I guess what I was and am trying to say is that half of the time my friends and myself have been looking for jobs, it's been extremely helpful (and pivotal) to have that head start of being in "some one's mind" when they start looking for someone to fill the position. It's also one of those things that I am trying to remind myself of, that the "dream position" might not be there for you right now but in awhile... and then you'd want to be in on the action once it opens up.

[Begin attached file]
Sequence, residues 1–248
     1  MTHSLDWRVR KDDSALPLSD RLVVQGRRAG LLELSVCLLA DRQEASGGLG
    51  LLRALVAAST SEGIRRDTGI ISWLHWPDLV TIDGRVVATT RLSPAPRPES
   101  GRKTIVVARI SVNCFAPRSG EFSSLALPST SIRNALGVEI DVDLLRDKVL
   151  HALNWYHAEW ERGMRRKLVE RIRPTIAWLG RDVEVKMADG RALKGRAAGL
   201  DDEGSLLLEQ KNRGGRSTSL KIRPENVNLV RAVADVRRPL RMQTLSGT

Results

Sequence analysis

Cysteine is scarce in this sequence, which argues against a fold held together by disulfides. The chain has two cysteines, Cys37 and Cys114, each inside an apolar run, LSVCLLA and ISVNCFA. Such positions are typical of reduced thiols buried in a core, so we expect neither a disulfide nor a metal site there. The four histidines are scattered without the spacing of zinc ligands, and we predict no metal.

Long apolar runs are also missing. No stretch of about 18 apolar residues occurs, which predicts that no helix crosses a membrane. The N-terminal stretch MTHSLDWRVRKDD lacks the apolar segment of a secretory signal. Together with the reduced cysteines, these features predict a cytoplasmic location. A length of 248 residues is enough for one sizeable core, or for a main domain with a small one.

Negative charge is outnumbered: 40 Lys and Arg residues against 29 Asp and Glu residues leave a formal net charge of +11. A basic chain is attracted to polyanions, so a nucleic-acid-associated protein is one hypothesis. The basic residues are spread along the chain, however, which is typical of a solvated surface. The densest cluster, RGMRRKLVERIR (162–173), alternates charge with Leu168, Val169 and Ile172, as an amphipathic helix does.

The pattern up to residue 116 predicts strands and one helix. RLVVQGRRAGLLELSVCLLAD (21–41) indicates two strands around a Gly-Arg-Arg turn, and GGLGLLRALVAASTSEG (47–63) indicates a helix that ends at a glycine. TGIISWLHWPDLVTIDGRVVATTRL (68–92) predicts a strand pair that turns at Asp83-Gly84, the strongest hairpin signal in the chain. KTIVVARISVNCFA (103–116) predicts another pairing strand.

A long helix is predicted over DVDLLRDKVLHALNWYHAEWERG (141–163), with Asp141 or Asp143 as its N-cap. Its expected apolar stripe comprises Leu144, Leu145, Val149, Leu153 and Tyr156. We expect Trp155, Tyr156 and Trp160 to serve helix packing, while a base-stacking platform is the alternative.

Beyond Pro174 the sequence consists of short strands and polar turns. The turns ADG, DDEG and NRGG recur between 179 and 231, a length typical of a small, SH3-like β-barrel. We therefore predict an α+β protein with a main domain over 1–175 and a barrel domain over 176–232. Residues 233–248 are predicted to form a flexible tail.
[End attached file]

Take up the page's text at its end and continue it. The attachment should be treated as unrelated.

I'm not saying this only because I've "heard" it, but since that was the way I got my present job. I had looked into the place I'm currently working, met with some of the Big people there and talked about "what did you do to get your position and what would you recommend me to do in order to move into industry". This was way before I actually applied or anything, just doing the dreaded cold call and coffee chat without any asking for work things. Just talking and having a "mentoring" like kind of conversation - since most people like getting the opportunity to talk about themselves and how they got to where they are now. And it's helpful to know what they did in order to get there, if nothing else - you get to practice that small talk and net working (all big words, and BS warning, I know).